My guess is that they will come to the inevitable conclusion that the members did nothing wrong and they will release jurisdiction. But seriously, why are they wasting their time and putting these officers through the stress of interviews, having their uniforms seized and all that goes with it?
I’ve said it before and I will say it again, the IIO as it is constituted, is fatally flawed and an enemy of police. This is yet another example.
Tomorrow, Friday, May 13th, is Catherine Galliford’s last day as a member of the RCMP. She will officially be pensioned off the staffing rolls. It comes ten years after she left the office for the last time and being diagnosed with Post Traumatic Stress Disorder.
Galliford is well known in BC from being the face of the RCMP for many years as a Media Liaison Officer (MLO) from her days in Coquitlam, to the Pickton serial killer investigation during the long days of searching his pig farm for DNA evidence in the 65 plus Missing Women’s case that dominated headlines nationally and internationally. She was also the spokesperson for the RCMP when the Air India terrorist attack case was being prepared for trial and during the prosecution.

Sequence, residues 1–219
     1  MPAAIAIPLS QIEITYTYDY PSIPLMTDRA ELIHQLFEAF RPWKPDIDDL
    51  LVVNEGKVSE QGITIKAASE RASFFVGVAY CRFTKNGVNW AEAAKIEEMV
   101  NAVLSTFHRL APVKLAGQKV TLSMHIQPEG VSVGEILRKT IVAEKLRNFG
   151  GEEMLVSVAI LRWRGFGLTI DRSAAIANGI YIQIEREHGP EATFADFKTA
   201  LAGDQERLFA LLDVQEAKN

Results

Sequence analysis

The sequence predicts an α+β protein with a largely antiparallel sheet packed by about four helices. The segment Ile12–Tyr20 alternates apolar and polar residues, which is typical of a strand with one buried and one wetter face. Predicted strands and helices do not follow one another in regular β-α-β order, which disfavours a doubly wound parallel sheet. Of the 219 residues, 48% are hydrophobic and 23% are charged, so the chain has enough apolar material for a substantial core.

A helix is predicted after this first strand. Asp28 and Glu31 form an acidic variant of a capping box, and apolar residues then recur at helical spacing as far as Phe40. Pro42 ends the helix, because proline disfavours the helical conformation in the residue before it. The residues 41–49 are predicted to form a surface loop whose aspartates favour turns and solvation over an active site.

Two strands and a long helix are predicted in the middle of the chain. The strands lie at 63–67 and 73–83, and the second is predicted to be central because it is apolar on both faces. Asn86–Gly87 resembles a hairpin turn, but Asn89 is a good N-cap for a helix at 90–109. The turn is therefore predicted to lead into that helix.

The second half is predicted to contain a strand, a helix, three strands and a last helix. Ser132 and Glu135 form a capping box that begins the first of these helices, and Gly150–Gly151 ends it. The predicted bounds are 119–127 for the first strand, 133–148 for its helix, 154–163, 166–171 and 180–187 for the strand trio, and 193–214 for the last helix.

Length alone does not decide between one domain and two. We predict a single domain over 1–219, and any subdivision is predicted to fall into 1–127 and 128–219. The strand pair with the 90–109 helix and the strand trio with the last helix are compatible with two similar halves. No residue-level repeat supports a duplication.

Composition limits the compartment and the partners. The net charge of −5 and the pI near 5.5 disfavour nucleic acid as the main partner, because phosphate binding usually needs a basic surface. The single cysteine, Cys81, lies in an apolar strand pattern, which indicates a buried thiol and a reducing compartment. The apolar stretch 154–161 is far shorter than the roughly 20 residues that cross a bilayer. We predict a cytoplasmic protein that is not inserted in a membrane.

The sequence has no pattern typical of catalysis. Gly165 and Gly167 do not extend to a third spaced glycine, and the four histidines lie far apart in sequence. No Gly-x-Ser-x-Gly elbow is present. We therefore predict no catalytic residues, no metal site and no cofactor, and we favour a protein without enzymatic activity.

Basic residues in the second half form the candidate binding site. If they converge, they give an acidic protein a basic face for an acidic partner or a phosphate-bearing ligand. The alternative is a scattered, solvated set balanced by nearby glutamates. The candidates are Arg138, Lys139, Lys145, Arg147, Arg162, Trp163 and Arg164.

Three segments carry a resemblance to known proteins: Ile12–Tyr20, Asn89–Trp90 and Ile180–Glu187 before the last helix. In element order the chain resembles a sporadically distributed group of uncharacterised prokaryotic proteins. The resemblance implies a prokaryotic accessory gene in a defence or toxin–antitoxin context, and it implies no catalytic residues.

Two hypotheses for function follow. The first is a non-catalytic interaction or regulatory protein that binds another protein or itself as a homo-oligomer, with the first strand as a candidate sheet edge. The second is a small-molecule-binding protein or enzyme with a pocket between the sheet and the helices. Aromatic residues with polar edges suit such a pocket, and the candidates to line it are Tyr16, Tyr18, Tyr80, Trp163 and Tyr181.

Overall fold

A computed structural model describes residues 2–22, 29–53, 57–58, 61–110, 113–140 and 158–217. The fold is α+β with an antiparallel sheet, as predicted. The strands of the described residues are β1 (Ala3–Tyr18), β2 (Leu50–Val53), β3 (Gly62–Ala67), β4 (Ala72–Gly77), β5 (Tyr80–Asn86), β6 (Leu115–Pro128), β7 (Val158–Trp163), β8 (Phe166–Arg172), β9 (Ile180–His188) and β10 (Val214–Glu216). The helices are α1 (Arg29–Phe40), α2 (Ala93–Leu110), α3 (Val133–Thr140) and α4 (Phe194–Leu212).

She was a poster child for RCMP recruiting. Attractive, fit and female.
She’ll retire with a Corporal’s pension and whatever big number in cash the RCMP had to come up with to settle her sexual harassment lawsuit filed back in the Spring of 2012. She fired the first shot in the Fall of 2011 in the war against the misogynist culture in the RCMP when she used her profile to go public about it all.
The RCMP denied everything of course. But they did settle last week for a big number because there is no possible chance the RCMP brass wanted to test her evidence in open court. Not in this lifetime or the next.
Her allegations made against three senior RCMP officers, a Force doctor and a member of the Vancouver Police Department were explosive. Her standing up against the Force encouraged many others to come forward including a class action lawsuit that has been launched involving over 400 female members at last count.
The RCMP brass did what they always do in cases like this. They deny, try to blame the complainant, then they try to trash the complainant, drag their feet, delay and more delay, try and force the aggrieved person to drop it because their pockets aren’t as deep as the federal government and in the end, instead of testing the evidence in a court of law, they settle for a big bag of taxpayer’s dollars. All, they would say if they actually gave a comment after the settlement, which they did not, would be to protect the reputation of the RCMP. The unwritten rule in the RCMP, is, whatever else you may do, don’t tarnish the buffalo, referring to the buffalo head at the centre of their logo.